- Copyright Page
- List of Contributors
- Introduction: What is the Philosophy of Consciousness?
- The Problem of Consciousness
- Visual Experience
- Non-Visual Perception
- Bodily Feelings: Presence, Agency, and Ownership
- Emotional Experience: Affective Consciousness and its Role in Emotion Theory
- Imaginative Experience
- Conscious Thought
- The Experience of Agency
- Temporal Consciousness
- The Phenomenal Unity of Consciousness
- The Neural Correlates of Consciousness
- Beyond the Neural Correlates of Consciousness
- Dualism: How Epistemic Issues Drive Debates about the Ontology of Consciousness
- Russellian Monism
- Idealism: Putting Qualia To Work
- Eliminativism About Consciousness
- A Priori Physicalism
- A Posteriori Physicalism: Type-B Materialism and the Explanatory Gap
- Representationalism about Consciousness
- Higher-Order Theories of Consciousness
- Self-Representationalist Theories of Consciousness
- The Epistemic Approach to the Problem of Consciousness
- Consciousness and Attention
- Consciousness and Memory
- Consciousness and Action: Contemporary Empirical Arguments for Epiphenomenalism
- Consciousness and Intentionality
- Consciousness and Knowledge
- Consciousness, Introspection, and Subjective Measures
- Consciousness and Selfhood: Getting Clearer on For-Me-Ness and Mineness
- Consciousness and Morality
- Embodied Consciousness
Abstract and Keywords
This chapter examines a radical philosophical position about consciousness: eliminativism. Eliminativists claim that consciousness does not exist and/or that talk of consciousness should be eliminated from science. These are strong positions to take, and require serious defence. In the first section, the chapter introduces the difference between entity eliminativism and discourse eliminativism and outlines the typical strategies used to support each. The next section provides a brief overview of the kinds of consciousness we refer to throughout the chapter. The following section focuses on entity eliminativist arguments about consciousness: Dennett’s classic eliminativist argument; a rebooted version of Dennett’s argument; and recent arguments for ‘illusionism’. In the subsequent section, discourse eliminativist arguments about consciousness are examined: methodological arguments from scientific behaviourism; arguments based on the empirical accessibility of phenomenal consciousness; and a stronger version of discourse eliminativism aimed at both phenomenal and access consciousness. The final section offers a brief conclusion.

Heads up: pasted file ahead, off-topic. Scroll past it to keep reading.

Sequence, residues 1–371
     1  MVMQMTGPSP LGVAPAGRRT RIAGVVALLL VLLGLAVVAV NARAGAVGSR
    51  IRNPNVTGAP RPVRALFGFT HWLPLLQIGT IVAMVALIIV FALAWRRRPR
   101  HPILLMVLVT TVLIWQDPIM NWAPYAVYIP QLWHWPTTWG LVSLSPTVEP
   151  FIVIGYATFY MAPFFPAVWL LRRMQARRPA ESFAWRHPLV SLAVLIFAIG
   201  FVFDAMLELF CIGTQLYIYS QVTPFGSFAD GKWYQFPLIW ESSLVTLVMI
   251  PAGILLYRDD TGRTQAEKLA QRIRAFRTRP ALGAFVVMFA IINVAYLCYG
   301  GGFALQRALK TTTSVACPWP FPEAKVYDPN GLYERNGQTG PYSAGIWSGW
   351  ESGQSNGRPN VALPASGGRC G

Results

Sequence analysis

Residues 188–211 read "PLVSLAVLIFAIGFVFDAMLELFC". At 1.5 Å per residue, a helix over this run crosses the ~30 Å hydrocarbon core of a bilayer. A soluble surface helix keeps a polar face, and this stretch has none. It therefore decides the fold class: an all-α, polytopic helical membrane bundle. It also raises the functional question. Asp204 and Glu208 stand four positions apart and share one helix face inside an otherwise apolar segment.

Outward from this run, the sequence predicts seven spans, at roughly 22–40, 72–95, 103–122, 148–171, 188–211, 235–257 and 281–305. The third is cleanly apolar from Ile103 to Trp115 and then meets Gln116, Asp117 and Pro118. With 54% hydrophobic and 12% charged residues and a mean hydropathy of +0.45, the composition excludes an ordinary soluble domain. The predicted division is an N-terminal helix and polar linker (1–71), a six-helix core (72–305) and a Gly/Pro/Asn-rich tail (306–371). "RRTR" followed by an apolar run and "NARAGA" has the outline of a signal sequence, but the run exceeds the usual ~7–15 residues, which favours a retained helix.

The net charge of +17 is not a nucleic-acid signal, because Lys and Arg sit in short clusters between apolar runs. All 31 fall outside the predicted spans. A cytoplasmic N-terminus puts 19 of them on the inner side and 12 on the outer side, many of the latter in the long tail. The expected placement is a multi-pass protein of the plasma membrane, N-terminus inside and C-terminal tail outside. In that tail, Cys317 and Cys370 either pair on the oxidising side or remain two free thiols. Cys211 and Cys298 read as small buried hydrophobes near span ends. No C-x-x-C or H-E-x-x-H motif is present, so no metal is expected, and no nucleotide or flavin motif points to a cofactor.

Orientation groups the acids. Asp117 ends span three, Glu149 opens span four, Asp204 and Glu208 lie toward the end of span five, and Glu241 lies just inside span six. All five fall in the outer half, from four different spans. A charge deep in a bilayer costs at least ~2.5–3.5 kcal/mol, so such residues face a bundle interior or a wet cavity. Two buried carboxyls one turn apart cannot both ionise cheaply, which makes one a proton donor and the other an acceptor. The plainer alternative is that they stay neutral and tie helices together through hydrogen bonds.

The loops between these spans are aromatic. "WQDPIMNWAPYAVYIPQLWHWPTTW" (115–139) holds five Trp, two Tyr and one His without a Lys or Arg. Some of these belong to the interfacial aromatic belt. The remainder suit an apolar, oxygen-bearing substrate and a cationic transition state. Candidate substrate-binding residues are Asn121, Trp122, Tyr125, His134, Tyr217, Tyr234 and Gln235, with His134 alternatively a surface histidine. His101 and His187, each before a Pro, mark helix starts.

Elizabeth Irvine is lecturer in philosophy at Cardiff University. Her research interests are primarily in philosophy of cognitive science and psychology, and philosophy of science. She has published in journals such as Mind and Language, Synthese, and won the 2016 Sir Karl Popper Essay Prize for an article published in the British Journal for Philosophy of Science.
Mark Sprevak is senior lecturer in philosophy at the University of Edinburgh. His primary research interests are in philosophy of mind, philosophy of science, and metaphysics, with particular focus on the cognitive sciences. He has published articles in, among other places, The Journal of Philosophy, The British Journal for the Philosophy of Science, Synthese, Philosophy, Psychiatry & Psychology, and Studies in History and Philosophy of Science. He is also the author of The Computational Mind, published by Routledge.
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